TOKYO, RAW – Asian stocks have dipped and cryptocurrencies extended losses as uncertainties over inflation prompted investors to reduce exposure to riskier assets.

Also weighing on digital coins was a new Chinese ban on financial institutions providing services related to cryptocurrency transactions.

MSCI’s broadest index of Asia-Pacific shares outside Japan dropped 0.3 per cent, though Hong Kong and South Korea are closed for holiday.

Mainland China’s CSI300 slipped 0.6 per cent while Japan’s Nikkei lost 1.1 per cent.

Wall Street stocks slid late in the session to end lower on Tuesday, unable to sustain gains made after bumper earnings from Walmart and Home Depot.

The S&P 500 lost 0.85 per cent, with telecom shares leading the decline, while the Nasdaq Composite dropped 0.56 per cent.

“Now that investors are pre-occupied with inflation, they are probably reluctant to make big decisions until they see a clearer picture,” Hirokazu Kabeya, chief global strategist at Daiwa Securities, said.

“Inflation worries will keep markets uncertain for now, even though I don’t expect stock prices to collapse given economic re-openings.”

The Federal Reserve has stuck to the narrative that a recent rise in inflation would be transient and that it therefore should keep its easy monetary policy settings.

“Inflation remains the biggest theme; whether it is real and whether the Fed may need to change its policy because of that,” Kazushige Kaida, head of forex sales at State Street Bank’s Tokyo branch, said.

“At the moment, markets are putting faith, after a fashion, in the Fed’s narrative.”

Yet an unexpected pickup in consumer inflation and signs of a labour shortage in the United States have prompted investors to dump assets that had risen sharply over the past year.

Cryptocurrencies are one such extreme case.

Bitcoin dropped as much as 5.3 per cent to hit its lowest level since early February and last stood at $US40,973, having lost more than a third of its value from a peak of $US64,895 hit just over a month ago.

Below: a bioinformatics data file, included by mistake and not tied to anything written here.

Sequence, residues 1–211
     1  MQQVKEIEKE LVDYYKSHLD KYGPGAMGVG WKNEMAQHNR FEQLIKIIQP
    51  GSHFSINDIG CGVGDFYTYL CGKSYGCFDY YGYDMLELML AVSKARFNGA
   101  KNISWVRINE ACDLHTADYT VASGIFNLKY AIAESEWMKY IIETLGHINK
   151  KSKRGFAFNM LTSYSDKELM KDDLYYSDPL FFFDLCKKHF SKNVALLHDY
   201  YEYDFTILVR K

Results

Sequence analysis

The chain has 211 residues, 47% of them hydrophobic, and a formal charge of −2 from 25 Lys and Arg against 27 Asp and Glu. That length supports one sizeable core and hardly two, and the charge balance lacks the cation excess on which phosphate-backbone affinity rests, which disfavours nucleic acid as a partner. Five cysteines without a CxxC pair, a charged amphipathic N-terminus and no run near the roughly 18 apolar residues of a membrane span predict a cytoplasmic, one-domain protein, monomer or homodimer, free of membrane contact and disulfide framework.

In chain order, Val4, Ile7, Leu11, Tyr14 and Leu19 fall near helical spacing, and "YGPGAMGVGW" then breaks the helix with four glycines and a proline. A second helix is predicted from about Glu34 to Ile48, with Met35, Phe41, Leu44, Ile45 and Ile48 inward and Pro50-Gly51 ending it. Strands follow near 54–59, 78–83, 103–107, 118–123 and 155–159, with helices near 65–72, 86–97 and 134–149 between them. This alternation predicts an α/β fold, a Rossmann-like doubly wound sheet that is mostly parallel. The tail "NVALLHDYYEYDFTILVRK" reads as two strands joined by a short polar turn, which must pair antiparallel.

Ether, the second largest cryptocurrency, changed hands at $US3199, down more than 25 per cent from its record peak hit last Wednesday.

While cryptocurrencies were bruised by China’s fresh ban on their transactions, they were not alone in facing pressure.

Some commodities that have benefited from reflation trade have also lost steam, with US lumber futures losing almost 25 per cent in the last three sessions.

Oil prices pulled back also after media reports the United States and Iran have made progress on reviving a deal restricting the OPEC country’s nuclear weapons development, a move that could lead to increased supply from Iran.

US crude futures dropped 0.9 per cent to $US64.9 per barrel while Brent futures lost 0.9 per cent to $US68.12 per barrel.

That helped to slightly ease inflation worries in the bond market.

Ten-year US inflation priced in the US bond markets, based on the yield gap between inflation-protected bonds and conventional ones, ticked down to 2.55 per cent from an eight-year high of around 2.58 per cent hit earlier this month.

The yield on 10-year US Treasuries, or the nominal yield, stood little changed at 1.664 per cent.

In the currency market, the dollar stayed under pressure as US yields stayed flat.

The euro hit a near-three-month high of $US1.2234 and last traded at $US1.2223 while the British pound also reached a high last seen in late February and changed hands at $US1.4191 .

The US dollar stood at 108.92 yen after four straight sessions of decline.

Precious metals were solid, with gold hitting its highest level since late January and last stood at $US1870 per ounce.